Till yesterday a group of 21 women self-help groups in Avalur and Oothukaadu hamlets near Wallajahbad were producers of horticultural products. From Friday, they have taken up direct sales of a portion of their harvest in Kancheepuram town.
While greens are raised on about 30 acres at Oothukaadu by 15 SHGs, others are engaged in cultivation of vegetables such as radish, brinjal, tomato on about 20 acres at Avalur.
Till now, harvested products were sent to vegetable markets in Chennai by vans owned by middlemen, who collected the produce from their doorstep. They were content with the price offered by the middlemen, but were not rewarded for their hard work. In fact, they did not even get the wholesale price that prevailed at the markets, officials in Rural Development Department said. Further, the quantum of procurement would not be the same on all days as it was directly linked to the previous day’s stock and public consumption pattern at the market.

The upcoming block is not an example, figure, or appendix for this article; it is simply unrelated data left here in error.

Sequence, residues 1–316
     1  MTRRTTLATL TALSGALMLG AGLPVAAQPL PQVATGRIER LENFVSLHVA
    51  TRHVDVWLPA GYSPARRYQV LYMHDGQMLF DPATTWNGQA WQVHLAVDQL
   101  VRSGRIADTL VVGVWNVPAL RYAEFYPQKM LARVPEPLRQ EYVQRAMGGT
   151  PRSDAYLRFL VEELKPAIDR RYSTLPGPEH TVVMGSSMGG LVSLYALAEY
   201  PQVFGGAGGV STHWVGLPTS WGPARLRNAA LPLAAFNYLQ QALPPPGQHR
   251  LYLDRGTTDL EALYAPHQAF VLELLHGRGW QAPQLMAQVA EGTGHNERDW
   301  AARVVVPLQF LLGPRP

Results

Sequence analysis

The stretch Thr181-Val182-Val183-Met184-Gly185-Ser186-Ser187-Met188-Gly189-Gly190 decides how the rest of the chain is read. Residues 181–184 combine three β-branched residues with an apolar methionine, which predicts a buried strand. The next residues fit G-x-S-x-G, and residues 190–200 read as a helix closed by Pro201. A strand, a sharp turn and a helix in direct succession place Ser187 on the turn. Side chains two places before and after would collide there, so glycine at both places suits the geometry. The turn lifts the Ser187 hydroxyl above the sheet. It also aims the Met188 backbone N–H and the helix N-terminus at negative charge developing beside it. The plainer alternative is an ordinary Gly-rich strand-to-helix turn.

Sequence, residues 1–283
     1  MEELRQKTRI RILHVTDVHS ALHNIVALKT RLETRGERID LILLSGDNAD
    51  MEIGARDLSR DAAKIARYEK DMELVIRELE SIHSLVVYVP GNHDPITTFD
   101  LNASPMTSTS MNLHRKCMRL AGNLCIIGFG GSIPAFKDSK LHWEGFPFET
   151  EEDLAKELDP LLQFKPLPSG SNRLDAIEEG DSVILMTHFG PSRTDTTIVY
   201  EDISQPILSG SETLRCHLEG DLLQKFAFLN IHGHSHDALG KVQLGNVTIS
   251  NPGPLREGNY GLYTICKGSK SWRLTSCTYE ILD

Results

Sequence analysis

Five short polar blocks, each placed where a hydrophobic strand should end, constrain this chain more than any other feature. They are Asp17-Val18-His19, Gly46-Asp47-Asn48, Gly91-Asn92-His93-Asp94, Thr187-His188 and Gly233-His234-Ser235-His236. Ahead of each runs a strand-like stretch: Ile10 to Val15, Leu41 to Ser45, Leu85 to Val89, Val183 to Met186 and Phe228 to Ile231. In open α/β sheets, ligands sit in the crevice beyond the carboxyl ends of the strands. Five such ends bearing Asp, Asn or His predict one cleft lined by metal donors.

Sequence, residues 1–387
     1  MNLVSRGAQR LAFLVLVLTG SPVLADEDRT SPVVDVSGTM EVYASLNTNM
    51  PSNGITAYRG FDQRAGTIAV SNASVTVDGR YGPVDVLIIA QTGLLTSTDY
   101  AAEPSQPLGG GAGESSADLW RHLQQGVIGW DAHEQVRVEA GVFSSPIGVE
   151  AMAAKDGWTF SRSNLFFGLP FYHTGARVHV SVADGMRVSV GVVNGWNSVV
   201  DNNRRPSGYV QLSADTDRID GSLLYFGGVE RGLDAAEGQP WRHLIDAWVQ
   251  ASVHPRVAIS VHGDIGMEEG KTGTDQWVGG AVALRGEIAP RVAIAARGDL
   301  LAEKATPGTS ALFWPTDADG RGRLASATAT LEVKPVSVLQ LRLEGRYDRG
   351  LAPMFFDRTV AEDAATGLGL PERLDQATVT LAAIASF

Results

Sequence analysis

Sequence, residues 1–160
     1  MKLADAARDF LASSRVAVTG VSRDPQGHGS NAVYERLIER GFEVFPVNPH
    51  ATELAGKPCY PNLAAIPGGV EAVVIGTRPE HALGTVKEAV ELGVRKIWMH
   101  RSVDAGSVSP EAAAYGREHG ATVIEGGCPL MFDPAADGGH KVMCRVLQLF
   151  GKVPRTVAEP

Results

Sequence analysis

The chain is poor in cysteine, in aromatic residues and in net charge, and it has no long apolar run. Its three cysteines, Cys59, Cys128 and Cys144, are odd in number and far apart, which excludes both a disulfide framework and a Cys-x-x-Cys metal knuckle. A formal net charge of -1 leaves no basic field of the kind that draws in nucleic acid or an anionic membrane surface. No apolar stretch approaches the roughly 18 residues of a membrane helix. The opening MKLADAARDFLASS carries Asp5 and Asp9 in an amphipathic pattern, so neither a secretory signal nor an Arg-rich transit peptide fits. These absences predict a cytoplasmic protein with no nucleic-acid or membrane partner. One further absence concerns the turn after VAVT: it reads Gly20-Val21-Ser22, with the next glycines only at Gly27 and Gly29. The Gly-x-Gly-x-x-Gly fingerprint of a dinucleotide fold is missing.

During such occasions, cultivators were left with no option but to dispose of their produce by putting up their own shops in nearby towns and villages or wait for one or two days to dispose of the produce through middlemen for a low price, officials said.
After a federation was formed by grouping all 21 SHGs, it was decided to encourage them to take up direct sales of a portion of their daily harvest in Kancheepuram town, said Krishnammal, project director, Mahalir Thittam.
A mini-van, which was at the disposal of the department, has been allotted to the SHGs free of cost and Rs. 2 lakh given as a revolving fund towards operation and maintenance of the van for the next six months, she said. Beneficiaries would have to build a corpus fund sufficient enough to take care of the operation and maintenance of the van afterwards, she added.